Judge Warner determined the “Scope of Issues” on remand as follows:

* The interpretation of the 1933. 1934, and 1939 Easements, including their scope and any surcharge of those easements;

* What portion of basin A is claimed by Defendant, as well as whether Defendant is responsible/obligated to maintain, construct, and repair it;

* Whether Basin A falls within the scope of any of the flood control easements, particularly that of 1939;

* Whether construction of a basin such as Basin A would fall within any of the flood control easements, and particularly within the 1939 easement;

* Whether Plaintiff is barred by estoppel or laches from asserting that Defendant’s easements are insufficient to support of Basin A;

* Whether the 1939 Easement imposed an obligation on Defendant to construct flood control improvements such as Basin A or whether it gave Defendant merely the right to do so; and

* Whether the 1999 Agreement between Plaintiff and Defendant restored the 1939 Easement to its full scope and/or constituted a new conveyance of an easement sufficient to encompass the construction of a basin the size of Basin A.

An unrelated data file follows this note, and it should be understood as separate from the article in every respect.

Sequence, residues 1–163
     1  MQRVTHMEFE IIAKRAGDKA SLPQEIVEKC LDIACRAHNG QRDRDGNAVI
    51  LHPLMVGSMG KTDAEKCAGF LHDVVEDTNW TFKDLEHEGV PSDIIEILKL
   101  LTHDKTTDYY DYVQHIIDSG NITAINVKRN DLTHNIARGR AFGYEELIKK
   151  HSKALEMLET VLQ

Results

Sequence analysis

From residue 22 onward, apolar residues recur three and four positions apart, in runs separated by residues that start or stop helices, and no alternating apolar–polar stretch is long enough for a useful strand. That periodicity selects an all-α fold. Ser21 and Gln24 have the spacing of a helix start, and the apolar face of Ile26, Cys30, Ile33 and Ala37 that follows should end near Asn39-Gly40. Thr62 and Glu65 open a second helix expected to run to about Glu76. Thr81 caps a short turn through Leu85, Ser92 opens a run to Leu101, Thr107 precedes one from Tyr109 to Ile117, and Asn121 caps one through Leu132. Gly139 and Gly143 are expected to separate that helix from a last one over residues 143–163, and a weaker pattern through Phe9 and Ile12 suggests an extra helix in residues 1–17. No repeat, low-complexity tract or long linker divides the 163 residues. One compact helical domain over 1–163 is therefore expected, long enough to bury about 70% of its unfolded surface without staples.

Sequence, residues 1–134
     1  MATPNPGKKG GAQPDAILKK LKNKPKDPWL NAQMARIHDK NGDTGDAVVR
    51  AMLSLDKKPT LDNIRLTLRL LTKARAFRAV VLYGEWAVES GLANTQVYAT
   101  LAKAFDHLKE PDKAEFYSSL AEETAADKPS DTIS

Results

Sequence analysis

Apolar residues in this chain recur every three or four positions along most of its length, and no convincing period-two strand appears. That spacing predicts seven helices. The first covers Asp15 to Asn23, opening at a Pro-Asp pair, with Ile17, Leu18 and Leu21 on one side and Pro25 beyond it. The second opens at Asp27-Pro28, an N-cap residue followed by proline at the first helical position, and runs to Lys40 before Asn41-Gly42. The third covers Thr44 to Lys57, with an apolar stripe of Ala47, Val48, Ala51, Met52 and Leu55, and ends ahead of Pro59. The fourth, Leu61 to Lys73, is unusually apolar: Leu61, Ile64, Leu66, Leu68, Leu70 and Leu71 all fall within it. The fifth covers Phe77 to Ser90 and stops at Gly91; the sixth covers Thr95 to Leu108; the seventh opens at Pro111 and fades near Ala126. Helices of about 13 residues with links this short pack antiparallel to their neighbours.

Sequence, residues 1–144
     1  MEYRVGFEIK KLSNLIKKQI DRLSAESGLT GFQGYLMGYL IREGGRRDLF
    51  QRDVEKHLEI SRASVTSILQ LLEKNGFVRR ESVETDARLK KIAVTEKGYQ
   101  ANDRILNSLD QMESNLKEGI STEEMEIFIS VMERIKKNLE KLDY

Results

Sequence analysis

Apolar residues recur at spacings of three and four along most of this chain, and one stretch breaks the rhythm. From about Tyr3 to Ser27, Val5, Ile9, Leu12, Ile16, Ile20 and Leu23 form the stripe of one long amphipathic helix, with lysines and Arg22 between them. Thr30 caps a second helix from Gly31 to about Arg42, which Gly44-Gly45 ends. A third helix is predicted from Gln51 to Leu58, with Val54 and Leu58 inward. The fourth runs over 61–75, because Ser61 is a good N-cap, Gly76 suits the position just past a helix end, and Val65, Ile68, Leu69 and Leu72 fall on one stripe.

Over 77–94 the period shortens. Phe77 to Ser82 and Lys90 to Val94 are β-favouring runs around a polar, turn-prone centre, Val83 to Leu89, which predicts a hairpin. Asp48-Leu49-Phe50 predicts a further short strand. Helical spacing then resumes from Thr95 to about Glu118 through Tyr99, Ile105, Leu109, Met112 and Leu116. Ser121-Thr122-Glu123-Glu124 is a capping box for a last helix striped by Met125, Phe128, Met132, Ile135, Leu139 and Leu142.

Judge Warner determined the following matters were not within the scope of the trial before him;

* Whether a basin sufficient to meet flood control purposes could have been constructed within the original footprint of Basin 6;

* Damages to which Plaintiff may be entitled by virtue of a taking of its real property; and

* Any claims of indemnity for any damages suffered.

The following term is key to findings By Judge Warner;

v. To impose an additional cost or burden (usually excessive).

n. A court fine imposed on a fiduciary for failure of duty.

Key conclusions by Judge Warner include the following:

* Defendant (District) failed to produce any plausible evidence as to why it did not assume responsibility and control of the 20th Street Storm Drain.

* Witnesses from both parties agreed that Basin A was properly sized to handle discharge from the 20th Street Storm Drain.

* The construction of Basin A was required due to discharge from the 20th Street Storm Drain onto Plaintiff’s (Colonies) property. Patrick Mead, Director for Defendant (District) testified that the construction of Basin A at county expense would have been required regardless of whether or not Plaintiff’s (Colonies) development occurred.

* The construction of Basin A on Plaintiff’s (Colonies) property would not have been necessary if the 20th Street Storm Drain had not been constructed to discharge onto Plaintiff’s property.

* Basin A exceeds the scope of the 1933 Easement.